The two time exposures taken of this object clearly show what we saw the lights doing that night. The first time exposure (Figure 2) shows a cluster of lights, large and small, moving in an erratic pattern up and down as the TLP moved forward. This movement produced an uneven sewing stitch pattern on the black and white print. If the camera and tripod or zoom lens had been vibrating, a similar pattern might be generated, but it would be symmetrical and not uneven as this light trace is. Nor was there a wind present to generate a harmonic vibration in the camera system. I have had a harmonic vibration generated in my camera setup when it was influenced by a strong constant wind. In that case a sine wave type vibration did show up on the photographs. But when the picture in question is compared with the next picture taken in sequence, something quite different is revealed (Figure 3). The uneven sewing stitch pattern is no longer present. On the right side of the photograph the lights appear clustered as before, but they quickly begin moving apart as we saw wings on this craft unfold. The wings did not unfold horizontally, as might be expected, but unfolded vertically. You can see the lights diverging into a configuration that crudely resembles the lighting pattern on a conventional jet: i.e. wingtip lights, headlights on the wings near the fuselage, and lights along the fuselage and at the tail. But instead of the light traces on the photograph showing the previous sewing stitch pattern, they are relatively straight except for a shallow irregular undulation.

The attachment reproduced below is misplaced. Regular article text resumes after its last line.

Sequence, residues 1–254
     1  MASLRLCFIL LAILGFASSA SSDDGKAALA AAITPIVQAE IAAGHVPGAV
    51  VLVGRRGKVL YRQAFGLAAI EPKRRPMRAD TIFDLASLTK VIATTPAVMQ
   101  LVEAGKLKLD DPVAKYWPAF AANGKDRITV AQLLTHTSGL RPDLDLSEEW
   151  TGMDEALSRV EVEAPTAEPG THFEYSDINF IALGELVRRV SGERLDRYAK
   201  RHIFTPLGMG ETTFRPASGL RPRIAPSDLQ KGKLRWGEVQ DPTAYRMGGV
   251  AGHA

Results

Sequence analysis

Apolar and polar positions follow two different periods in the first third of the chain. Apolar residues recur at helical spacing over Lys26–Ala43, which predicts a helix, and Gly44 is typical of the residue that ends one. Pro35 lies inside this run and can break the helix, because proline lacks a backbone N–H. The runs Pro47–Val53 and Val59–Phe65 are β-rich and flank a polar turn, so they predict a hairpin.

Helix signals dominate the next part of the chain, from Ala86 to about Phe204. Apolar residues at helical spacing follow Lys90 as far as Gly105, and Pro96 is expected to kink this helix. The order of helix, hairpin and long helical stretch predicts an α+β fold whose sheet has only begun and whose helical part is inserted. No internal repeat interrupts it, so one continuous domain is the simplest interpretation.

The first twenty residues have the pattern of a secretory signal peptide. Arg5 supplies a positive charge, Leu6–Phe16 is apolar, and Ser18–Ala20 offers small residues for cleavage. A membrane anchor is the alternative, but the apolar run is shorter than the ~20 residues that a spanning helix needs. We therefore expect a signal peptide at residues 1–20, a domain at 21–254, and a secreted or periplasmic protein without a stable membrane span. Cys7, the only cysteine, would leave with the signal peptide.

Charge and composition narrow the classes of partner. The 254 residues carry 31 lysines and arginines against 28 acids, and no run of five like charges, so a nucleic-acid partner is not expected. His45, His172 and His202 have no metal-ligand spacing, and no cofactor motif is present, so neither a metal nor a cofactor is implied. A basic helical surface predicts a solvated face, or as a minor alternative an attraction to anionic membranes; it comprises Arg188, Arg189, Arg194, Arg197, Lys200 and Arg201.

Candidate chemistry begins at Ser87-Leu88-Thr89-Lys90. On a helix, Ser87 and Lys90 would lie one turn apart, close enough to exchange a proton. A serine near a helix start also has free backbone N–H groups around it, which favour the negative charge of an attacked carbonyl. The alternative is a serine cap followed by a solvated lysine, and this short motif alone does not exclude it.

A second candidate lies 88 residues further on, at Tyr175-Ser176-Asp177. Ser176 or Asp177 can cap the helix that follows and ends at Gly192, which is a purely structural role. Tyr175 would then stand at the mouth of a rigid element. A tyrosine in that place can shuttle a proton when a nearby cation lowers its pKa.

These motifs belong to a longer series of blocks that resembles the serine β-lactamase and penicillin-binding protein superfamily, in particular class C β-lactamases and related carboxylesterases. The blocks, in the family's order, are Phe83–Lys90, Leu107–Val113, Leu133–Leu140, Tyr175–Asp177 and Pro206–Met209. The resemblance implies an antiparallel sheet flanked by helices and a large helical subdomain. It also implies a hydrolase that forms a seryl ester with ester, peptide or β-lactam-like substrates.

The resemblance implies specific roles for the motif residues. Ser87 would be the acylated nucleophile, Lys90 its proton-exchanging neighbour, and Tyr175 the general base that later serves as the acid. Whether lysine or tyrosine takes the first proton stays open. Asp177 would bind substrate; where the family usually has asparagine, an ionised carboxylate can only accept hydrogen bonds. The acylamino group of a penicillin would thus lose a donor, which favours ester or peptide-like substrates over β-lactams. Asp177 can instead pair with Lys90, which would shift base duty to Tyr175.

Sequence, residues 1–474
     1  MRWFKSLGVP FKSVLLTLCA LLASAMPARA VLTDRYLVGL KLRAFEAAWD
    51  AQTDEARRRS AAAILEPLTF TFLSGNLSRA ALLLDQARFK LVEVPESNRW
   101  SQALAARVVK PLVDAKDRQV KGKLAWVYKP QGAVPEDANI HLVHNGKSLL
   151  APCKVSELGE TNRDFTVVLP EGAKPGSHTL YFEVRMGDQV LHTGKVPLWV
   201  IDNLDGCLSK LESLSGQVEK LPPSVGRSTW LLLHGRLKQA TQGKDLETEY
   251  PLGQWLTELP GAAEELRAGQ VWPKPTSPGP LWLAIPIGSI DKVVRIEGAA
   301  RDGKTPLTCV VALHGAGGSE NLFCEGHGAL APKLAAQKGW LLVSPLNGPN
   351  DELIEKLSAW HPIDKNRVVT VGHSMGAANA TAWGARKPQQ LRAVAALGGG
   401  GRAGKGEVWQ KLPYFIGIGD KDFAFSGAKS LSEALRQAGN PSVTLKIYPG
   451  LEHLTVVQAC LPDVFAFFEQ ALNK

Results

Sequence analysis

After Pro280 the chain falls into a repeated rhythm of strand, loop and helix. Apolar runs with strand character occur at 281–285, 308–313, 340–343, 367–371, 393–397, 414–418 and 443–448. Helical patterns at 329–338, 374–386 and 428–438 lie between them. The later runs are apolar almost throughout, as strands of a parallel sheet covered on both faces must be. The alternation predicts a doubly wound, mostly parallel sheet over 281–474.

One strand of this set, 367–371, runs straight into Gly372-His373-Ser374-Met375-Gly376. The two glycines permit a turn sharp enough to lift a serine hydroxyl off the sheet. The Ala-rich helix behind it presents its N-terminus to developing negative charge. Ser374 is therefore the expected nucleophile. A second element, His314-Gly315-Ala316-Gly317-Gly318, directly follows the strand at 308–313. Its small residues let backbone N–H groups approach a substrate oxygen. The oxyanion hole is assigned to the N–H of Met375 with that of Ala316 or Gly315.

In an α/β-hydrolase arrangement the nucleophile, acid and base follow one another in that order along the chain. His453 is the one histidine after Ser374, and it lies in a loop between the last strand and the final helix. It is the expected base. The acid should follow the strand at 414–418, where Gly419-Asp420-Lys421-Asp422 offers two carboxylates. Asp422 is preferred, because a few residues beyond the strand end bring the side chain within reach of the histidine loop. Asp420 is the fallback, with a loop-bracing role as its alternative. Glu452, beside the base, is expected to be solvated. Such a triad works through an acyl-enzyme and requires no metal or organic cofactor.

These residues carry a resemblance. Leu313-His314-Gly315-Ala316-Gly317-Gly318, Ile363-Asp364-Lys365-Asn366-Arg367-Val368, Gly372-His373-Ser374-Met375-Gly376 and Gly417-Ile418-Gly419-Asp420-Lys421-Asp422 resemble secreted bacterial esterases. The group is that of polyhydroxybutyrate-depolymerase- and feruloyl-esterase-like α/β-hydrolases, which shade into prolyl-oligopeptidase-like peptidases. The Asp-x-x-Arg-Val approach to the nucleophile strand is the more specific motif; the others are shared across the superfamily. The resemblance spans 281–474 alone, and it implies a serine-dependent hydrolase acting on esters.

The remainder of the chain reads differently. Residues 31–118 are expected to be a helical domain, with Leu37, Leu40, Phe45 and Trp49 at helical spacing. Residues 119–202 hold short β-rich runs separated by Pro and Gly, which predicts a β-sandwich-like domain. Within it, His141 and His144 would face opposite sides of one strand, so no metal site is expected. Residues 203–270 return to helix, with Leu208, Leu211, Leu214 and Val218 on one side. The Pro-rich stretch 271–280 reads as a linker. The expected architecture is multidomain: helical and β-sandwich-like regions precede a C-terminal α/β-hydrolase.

Thus, these two images show a change in lighting pattern and movement, which cannot be easily explained in conventional or prosaic terms. They also show the TLP making an arc, or rising to a higher altitude just before deploying its wings, then descended back to a lower altitude. The lights moved apart too quickly for a turn, and from that point forward the lights on the photograph are parallel to one another, indicating no subsequent change in rotation or orientation relative to the observer and camera. In other words, the photographs do not show the TLP turning. Planes can't fly with their wings oriented vertical to the Earth for very long and maintain altitude, and a descent at that low altitude over a ridge would be unsafe. In a sharp turn or bank, however, planes can hold a vertical position for a short period of time, but this craft had not begun to turn at that point. In addition, commercial jets usually do not bank very steeply (with wings vertical), except in an emergency, due to the higher "G" forces that would be created, which could cause potential injury to passengers.